While critiques of Tantura haven’t risen to the same fever pitch, a diverse group of nearly two-dozen filmmakers and industry leaders came together to raise concerns about it with festival leadership. Tantura is consistent with the dominant patterns in Sundance programming focused on Palestine and Israel. Of the eight documentaries programmed by the festival in the last decade, none were directed by a Palestinian director. Of those films, six were directed by Israelis and several fall into the troubling phenomenon advanced in Israeli literature and cinema known as “shooting and crying” (Censored Voices, Waltz with Bashir, The Gatekeepers, and beyond). Gil Hochberg, Professor of Hebrew and Comparative Literature at Columbia University, describes the “shooting and crying” genre as soldiers being “Sorry for things I had to do.” She goes on to say, “This ‘non-apologetic apology’ was the model of self-critique advanced in Israel in many politically reflective works of literature and cinema…[as] a way of maintaining the nation’s self-image as youthful and innocent, along with its sense of vocation against the reality of war, growing military violence, occupation, invasion….” Tantura sparks the question: Why is a largely homogenous group of Israeli filmmakers who sit in a position of power relative to their subject—that of the ethnic cleansing of Palestinians—being given the platform to tell this story without substantial Palestinian voices as part of the filmmaking team?
If there’s clearly such an appetite on the programing team for films related to Israel-Palestine, why aren’t more of the films representative of the Palestinian experience and made by teams that include Palestinians? Similarly, if there is an appetite for films about people that are Muslim, people from the Middle East and North Africa (MENA) or films set in the MENA region, why aren’t more of these films made by Muslim and MENA filmmakers?
“Programmers shape our culture, values and political landscape. The choices they make have an enormous impact on real human lives.
– Jessica Devaney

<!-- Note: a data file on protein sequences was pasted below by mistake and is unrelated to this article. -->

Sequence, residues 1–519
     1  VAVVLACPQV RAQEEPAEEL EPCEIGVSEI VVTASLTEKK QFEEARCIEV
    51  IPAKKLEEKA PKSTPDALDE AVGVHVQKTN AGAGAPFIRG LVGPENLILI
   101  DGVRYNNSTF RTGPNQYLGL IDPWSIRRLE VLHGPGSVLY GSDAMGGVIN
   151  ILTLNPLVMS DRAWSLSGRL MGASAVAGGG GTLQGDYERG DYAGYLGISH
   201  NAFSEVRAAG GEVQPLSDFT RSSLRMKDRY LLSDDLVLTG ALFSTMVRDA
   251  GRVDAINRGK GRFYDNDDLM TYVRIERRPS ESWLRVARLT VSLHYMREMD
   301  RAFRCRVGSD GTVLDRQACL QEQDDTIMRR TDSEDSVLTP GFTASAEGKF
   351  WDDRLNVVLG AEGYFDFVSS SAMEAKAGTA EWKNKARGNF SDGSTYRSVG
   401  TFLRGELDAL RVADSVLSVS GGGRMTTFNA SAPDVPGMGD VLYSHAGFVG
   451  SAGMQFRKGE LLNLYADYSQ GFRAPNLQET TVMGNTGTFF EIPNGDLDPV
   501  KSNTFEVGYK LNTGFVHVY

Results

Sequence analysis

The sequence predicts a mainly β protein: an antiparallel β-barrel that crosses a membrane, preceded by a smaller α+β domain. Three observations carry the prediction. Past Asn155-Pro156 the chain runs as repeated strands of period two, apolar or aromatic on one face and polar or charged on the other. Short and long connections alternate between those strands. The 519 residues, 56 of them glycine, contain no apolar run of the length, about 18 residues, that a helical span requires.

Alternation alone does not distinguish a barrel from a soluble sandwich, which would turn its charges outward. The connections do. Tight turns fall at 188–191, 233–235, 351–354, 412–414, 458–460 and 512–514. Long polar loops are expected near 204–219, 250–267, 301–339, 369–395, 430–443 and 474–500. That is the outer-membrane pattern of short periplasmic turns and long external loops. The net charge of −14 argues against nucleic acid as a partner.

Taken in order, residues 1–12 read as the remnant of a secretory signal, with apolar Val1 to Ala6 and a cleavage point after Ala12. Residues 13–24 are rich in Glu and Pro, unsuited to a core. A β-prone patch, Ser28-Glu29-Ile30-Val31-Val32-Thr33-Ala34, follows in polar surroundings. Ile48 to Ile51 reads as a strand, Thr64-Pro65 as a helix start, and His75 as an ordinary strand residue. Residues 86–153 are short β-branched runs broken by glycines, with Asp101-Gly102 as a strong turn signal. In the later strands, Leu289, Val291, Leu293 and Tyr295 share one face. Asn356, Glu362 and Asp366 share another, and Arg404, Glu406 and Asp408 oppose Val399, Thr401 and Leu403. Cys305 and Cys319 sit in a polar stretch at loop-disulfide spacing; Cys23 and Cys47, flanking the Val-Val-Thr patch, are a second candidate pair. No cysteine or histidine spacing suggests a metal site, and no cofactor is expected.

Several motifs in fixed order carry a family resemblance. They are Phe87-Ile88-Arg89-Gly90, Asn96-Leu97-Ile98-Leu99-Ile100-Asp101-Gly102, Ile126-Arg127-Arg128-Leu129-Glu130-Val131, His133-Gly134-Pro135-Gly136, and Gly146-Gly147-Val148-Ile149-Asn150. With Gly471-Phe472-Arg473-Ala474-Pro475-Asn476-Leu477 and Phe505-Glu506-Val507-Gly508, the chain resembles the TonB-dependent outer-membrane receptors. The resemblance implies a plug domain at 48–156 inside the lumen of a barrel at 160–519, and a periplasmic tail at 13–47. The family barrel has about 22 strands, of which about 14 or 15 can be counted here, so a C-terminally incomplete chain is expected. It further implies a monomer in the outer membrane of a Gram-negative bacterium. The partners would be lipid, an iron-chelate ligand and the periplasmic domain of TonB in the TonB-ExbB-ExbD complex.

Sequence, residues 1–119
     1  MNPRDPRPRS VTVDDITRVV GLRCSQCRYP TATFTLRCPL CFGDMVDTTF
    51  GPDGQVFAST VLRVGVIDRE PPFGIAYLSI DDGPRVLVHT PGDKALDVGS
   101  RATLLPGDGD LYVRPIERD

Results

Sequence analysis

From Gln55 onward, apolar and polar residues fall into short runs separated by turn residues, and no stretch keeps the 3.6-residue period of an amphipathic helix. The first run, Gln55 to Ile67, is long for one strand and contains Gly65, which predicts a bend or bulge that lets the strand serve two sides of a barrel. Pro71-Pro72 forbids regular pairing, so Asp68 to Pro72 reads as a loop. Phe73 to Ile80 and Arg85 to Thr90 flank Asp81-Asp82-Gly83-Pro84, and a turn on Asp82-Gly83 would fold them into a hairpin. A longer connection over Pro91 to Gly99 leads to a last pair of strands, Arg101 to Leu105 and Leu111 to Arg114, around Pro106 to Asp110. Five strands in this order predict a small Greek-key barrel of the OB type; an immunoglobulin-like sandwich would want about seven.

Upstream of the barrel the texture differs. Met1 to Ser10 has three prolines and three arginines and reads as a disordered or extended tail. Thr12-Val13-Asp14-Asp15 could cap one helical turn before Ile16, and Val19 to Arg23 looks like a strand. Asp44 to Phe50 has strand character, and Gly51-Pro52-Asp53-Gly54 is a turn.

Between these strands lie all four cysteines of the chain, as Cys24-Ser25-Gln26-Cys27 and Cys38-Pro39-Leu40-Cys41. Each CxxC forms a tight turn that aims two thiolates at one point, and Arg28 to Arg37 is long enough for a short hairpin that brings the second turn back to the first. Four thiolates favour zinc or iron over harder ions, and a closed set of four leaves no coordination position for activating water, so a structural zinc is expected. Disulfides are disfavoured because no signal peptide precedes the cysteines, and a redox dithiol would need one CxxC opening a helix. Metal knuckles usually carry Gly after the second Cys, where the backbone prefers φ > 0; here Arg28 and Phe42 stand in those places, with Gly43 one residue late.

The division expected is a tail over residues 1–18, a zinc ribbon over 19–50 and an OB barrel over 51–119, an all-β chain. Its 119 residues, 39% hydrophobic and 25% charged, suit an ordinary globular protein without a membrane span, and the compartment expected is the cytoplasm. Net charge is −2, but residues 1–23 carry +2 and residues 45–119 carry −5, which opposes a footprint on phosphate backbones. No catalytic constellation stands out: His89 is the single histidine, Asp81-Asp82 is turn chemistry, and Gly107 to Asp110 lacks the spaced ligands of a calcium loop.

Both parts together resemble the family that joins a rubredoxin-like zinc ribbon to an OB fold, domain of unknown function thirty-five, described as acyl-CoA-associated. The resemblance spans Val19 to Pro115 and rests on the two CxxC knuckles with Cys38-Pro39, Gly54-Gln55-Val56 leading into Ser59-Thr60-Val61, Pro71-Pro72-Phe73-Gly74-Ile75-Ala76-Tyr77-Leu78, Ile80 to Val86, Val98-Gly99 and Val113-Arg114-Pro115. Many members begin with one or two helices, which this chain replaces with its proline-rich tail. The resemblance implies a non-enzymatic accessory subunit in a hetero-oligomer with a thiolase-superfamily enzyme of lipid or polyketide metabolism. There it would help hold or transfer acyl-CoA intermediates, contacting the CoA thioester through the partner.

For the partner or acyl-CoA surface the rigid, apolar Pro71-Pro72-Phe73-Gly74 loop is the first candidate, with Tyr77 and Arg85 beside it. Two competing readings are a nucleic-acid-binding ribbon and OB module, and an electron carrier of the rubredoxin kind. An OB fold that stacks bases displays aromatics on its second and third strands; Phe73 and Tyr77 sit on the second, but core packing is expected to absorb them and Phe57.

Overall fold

Both Tantura and Jihad Rehab reflect the ongoing systemic issues of authorship on the Sundance slate. Responsible authorship is in direct opposition to the colonialist and anthropological roots that shaped our field. It questions the core creative team’s stake in the communities that will be most impacted by a film; it interrogates the filmmakers’ relationships to the contributors and collaborators; it requires due diligence in practices from veracity to harm-reduction; and it subverts the dynamic of folks with positional power dominating our narrative creation, and thus, the historical record. To put a very fine point on it, authorship is not a box-checking system to keep makers in their identity-based lanes. Smaker’s and Schwartz’s identities as individual filmmakers are not the primary issue. The question isn’t whether they each have the “right” to make those films, but rather why films like these are given the platform and credibility of screening in festivals. Just as programmers weigh the extent to which a film effectively pushes the creative boundaries of traditional cinematic language, so too should they show equal interest in films that upend dominant and damaging narrative patterns.
While we’re speaking specifically about Sundance with the above examples, the exclusion of authorship and political context from an evaluation of artistic merit is a pattern across top-tier festivals’ programs. These festivals disproportionately influence which films distributors choose, which are poised for awards, and ultimately which ones reach a wide audience. Programmers shape our culture, values and political landscape. The choices they make have an enormous impact on real human lives.
It is time programmers dispense with the notion that a film can be judged without considering who is helming it creatively and the political context in which it unfolds. We urgently need to expand the standards by which we evaluate the merit of a film—standards often falsely upheld as objective. Authorship is an indispensable aspect of merit. Artistic value is always contextual. Curation is not censorship.